McKINNEY, Texas (AP) — The police officer whose video-recorded actions at a North Texas pool party resigned from the police force Tuesday.
Officer David Eric Casebolt resigned from the McKinney Police Department after almost 10 years on the force, said his attorney, Jane Bishkin of Dallas.
A viral video showed him pushing a bikini-clad black, teenage girl to the ground on Friday and brandishing his gun at other black teens after he and other officers responded to complaints about the pool party at a community-owned McKinney swimming pool.
McKinney Police Chief Greg Conley had placed the 41-year-old former Texas state trooper on administrative leave after the incident.
Bishkin declined to say where Casebolt is now and said the officer had received death threats. The attorney said she would release more information at a news conference Wednesday.
The incident has prompted criticism of the affluent suburb of McKinney north of Dallas, which is among the nation’s fastest growing cities, has highly regarded public schools and was ranked by one publication as America’s best place to live.
People who demonstrated this week at a McKinney school against the police response often used the city’s name in the same sentence as Baltimore and Ferguson, Missouri — cities where use of force by police triggered widespread protests and violence.
The NAACP is asking the U.S. Department of Justice to review the procedures of the McKinney police force, stopping short of asking for a formal investigation. A review of department policies is needed to ensure officers are responding appropriately to calls involving minorities, the local NAACP chapter said.
Casebolt had been accused of excessive force in a 2007 arrest as part of a federal lawsuit that named him and other officers. The officers arrested Albert Brown Jr., who authorities say was found with crack cocaine during a traffic stop. Brown, who is black, accused the officers of forcibly searching him after pulling down his pants and slamming his head against a car hood. A defense attorney denied Brown’s accusations. The lawsuit was dismissed in 2009.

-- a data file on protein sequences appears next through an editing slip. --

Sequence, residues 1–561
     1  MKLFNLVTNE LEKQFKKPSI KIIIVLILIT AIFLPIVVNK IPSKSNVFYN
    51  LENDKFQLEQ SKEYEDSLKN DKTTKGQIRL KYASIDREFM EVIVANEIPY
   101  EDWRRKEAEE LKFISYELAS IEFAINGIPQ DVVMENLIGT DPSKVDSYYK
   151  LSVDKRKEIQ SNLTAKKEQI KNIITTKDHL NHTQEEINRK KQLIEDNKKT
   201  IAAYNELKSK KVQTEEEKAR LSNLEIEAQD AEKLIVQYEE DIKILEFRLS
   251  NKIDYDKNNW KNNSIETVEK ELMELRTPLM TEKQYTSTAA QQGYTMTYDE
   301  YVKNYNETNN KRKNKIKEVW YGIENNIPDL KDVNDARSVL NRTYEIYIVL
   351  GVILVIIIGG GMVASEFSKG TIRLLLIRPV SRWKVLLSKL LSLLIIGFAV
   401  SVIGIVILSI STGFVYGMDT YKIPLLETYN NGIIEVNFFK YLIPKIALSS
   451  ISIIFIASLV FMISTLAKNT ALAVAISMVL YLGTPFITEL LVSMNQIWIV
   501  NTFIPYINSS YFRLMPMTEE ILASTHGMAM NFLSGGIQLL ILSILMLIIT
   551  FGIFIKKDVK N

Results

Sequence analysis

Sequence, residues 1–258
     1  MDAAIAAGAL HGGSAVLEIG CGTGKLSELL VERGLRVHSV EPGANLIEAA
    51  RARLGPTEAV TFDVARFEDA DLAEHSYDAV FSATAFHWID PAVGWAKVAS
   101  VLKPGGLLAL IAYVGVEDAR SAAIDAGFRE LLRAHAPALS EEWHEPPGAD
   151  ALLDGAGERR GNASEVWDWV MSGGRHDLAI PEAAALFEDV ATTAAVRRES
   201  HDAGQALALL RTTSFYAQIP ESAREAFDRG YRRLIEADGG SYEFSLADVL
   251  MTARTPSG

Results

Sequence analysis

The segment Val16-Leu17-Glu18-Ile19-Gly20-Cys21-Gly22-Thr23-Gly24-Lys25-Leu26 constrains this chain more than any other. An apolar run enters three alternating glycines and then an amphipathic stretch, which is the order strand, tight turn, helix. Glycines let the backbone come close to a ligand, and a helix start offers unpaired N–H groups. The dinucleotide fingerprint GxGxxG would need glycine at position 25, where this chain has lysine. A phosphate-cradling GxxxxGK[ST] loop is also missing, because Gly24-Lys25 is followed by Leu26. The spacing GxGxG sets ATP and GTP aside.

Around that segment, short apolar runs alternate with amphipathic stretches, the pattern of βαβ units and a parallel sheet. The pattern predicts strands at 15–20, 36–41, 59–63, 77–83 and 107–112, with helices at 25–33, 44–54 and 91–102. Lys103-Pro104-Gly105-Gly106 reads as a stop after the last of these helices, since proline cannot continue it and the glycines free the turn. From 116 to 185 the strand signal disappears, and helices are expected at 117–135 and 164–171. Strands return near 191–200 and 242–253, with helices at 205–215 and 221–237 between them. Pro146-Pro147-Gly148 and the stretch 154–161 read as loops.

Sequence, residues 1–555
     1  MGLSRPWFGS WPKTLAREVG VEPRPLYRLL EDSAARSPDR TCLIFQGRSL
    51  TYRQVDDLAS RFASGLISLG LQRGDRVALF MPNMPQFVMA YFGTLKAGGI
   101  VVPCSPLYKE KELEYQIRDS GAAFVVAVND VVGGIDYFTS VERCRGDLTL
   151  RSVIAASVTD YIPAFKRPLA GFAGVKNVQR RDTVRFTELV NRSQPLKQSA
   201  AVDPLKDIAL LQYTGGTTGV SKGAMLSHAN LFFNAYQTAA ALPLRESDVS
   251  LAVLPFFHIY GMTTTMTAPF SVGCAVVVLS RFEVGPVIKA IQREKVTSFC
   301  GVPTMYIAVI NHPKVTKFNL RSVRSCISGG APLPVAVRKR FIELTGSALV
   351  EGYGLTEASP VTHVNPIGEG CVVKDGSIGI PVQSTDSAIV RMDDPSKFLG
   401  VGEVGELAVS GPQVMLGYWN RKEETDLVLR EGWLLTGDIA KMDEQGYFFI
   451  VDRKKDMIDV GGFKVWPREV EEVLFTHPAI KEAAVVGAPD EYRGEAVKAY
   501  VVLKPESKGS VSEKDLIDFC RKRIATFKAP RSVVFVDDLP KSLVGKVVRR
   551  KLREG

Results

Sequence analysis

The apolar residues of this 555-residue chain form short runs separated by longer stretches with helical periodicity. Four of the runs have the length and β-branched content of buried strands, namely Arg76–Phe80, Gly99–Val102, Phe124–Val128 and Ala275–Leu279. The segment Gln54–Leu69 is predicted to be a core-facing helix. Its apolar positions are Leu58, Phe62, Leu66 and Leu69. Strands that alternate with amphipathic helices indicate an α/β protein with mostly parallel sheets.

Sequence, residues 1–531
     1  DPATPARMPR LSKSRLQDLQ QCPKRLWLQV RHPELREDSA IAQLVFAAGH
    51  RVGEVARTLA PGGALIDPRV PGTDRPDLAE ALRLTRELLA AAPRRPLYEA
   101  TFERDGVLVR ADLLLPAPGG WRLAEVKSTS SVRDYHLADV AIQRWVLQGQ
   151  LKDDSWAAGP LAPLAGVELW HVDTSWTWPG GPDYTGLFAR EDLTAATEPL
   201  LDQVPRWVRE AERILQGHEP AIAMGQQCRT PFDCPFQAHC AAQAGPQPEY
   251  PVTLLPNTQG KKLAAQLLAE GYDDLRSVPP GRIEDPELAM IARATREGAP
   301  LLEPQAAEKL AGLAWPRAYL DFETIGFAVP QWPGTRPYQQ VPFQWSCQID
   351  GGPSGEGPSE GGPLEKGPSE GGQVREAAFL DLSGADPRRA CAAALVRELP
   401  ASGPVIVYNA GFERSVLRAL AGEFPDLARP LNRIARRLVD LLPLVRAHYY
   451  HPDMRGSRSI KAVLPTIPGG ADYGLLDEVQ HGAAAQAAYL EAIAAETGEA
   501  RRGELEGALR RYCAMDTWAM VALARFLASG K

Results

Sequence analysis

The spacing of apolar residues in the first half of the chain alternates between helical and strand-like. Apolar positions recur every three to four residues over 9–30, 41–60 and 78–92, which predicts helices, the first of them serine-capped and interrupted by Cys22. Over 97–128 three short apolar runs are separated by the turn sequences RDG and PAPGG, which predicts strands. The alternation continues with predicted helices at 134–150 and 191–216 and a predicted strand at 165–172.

McKinney also has been the target of lawsuits accusing it of racial segregation in public housing.
A lawsuit filed in 2008 accused the McKinney Housing Authority of restricting federally subsidized public housing for low-income families to older neighborhoods east of U.S. 75. The lawsuit said that in the Dallas area, 85 percent of those receiving so-called “Section 8? housing vouchers are African Americans. The 2000 census found McKinney’s east side was where 68 percent of the city’s black population lived, while neighborhoods west of U.S. 75 were 86 percent white.
In 2007, 2,057 of the 2,485 housing units run by landlords willing to accept federal rent subsidy vouchers were on the east side. The lawsuit was settled in 2012 with a consent decree, which is an agreement to take specific actions without admitting guilt.
A message left with the housing authority seeking comment wasn’t returned Tuesday.
The scrutiny contrasts McKinney’s high ranking for its quality of life. A Time Inc. publication last year ranked the city the best place to live in America, with a median family income in excess of $96,000 and job growth projected at 13 percent. Crime is comparatively low and like other metropolitan suburbs in Texas, McKinney has seen unprecedented expansion. Its population has tripled in the last 15 years to approximately 155,000. About 75 percent of residents are white while nearly 11 percent are black.
Associated Press writers Terry Wallace in Dallas, Jill Craig in McKinney and Juan A. Lozano in Houston contributed to this report.
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